“We had five people in the band, and we had enough to get by,” Khin said. “But you could always use a little bit of an X Factor, and we found Karsten. So we just threw him in on a couple of songs, and it was like clockwork — just very natural.” 

Since Kleyensteuber’s addition, Milk has played at several fraternities including shows at Bones Gate, Psi Upsilon, Beta Alpha Omega and Alpha Chi Alpha. Despite the thrill of these shows, guitarist Khin finds the most gratification in the bands’ rehearsals.

“In rehearsal, we try something new and sometimes it just clicks,” Khin said. “Like when all the instruments and the vocals kind of mesh together, and when the band’s playing like a well-oiled machine and I look over and I’m just surrounded by my friends — those are the moments that I remember the most.”

Milender highlighted that live music has blossomed in popularity the last few terms since the pandemic’s shutdown, and is grateful she was able to be a part of that movement. Milender also underscored the quintessentially-Dartmouth nature of the band.

“It’s just so classic Dartmouth that if we have a show Saturday night, we all show up before to put the stage together,” Milender said. “And that means flipping over pong tables, putting down some cinder blocks and that's the stage.”

The band does not have a strict style, but gravitates to certain artists based on the musical taste of its members. The band has played music from contemporary artists like Maroon 5, but have also performed classics such as Creedence Clearwater Revival’s “Have You Ever Seen the Rain.” One of Milk’s most recurring covers is Amy Winehouse’s “Valerie,” which was also one of the first songs they played live. Though they primarily focus on covers, Blum expressed their hopes for playing original pieces in the future.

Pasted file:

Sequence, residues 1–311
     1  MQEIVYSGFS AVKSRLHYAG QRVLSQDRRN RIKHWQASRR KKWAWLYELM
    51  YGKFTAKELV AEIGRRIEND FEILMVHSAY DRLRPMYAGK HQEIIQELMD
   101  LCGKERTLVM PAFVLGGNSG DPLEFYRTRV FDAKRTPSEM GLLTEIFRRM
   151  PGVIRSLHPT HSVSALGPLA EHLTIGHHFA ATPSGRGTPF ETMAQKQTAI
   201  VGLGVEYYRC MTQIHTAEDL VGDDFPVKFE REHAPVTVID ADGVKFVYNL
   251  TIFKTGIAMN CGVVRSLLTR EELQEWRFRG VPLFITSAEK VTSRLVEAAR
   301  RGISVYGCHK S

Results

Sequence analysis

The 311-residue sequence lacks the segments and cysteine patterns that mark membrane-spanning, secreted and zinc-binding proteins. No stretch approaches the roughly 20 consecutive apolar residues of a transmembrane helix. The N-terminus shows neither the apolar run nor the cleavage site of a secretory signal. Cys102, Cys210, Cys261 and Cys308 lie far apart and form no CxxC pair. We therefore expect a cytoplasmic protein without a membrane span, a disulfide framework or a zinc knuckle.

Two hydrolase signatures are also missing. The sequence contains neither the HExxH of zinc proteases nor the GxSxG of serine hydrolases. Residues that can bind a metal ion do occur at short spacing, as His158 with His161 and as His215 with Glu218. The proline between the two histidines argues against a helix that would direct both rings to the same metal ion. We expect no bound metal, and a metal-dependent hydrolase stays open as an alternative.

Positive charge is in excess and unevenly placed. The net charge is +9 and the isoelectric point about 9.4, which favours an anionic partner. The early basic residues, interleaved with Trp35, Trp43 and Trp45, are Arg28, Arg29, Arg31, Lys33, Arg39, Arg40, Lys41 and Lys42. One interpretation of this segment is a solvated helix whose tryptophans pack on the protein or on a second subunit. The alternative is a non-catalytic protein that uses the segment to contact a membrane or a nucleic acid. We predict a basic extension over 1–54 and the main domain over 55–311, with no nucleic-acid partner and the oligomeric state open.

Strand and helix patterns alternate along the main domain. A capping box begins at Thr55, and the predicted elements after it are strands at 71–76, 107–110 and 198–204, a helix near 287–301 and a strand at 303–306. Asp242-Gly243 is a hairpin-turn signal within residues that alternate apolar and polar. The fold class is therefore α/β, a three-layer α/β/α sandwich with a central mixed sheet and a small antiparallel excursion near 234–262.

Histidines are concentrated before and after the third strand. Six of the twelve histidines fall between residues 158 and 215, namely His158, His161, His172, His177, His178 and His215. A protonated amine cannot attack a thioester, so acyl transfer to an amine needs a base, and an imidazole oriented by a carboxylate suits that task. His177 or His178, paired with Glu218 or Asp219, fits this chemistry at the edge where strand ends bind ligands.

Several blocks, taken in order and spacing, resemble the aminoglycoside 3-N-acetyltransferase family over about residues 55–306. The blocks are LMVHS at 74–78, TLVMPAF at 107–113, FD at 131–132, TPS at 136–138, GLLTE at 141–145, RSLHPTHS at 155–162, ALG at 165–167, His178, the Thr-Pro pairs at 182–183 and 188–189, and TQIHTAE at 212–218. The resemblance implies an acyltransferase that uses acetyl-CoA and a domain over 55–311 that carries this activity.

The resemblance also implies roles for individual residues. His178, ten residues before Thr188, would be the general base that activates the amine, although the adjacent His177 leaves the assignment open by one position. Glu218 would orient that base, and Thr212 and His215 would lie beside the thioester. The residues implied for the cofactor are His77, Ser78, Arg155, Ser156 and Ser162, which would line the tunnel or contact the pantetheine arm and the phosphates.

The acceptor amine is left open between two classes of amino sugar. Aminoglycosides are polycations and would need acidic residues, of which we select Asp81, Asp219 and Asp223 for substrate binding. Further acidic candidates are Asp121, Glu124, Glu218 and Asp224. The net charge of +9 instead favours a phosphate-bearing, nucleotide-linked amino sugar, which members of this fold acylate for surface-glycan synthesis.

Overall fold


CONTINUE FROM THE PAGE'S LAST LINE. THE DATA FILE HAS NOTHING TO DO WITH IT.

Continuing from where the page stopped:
“We try to play cover songs and to give the people what they want.” Blum said. “We’ve been ambitious to write our own stuff, but also being busy Dartmouth kids, we’ve got to be realistic. So we haven’t really played any originals, but maybe we’ll do that soon.” 

Milk kicked off this spring term by playing at the Dartmouth Skiway’s annual Pond Skim and are slated to once again play at WoodstocKDE later this term. 

“I think we’re excited for Woodstock, which is coming up again, because we’ve played that every time it’s happened,” said Milender. “Spring is fun because we get to play some classic rock Darty music, which I’m more into.”

Milender spoke of the highly collaborative nature between the different bands on campus and extended appreciation for the supportive audiences of Dartmouth students.

“The culture feels very supportive,” said Milender. “We’re [all] renting from the same place, like we all have to share [equipment].” 

In true Dartmouth fashion, flexibility is a necessity to deal with the challenge of working around six different schedules, and sometimes substitutes are necessary. According to Milender, Dashiell Prince-Judd ’23 from the Read Receipts will be playing with them for WoodstocKDE this year. In the past, Toth has also subbed in for The Stripers.

The band expressed bittersweet feelings about graduation, especially as Milk will no longer exist once the members graduate. They plan to have a final show called the “Kill Milk” show. Between Battle of the Bands, WoodstocKDE and other potential shows, Milk is set to have a busy spring finale.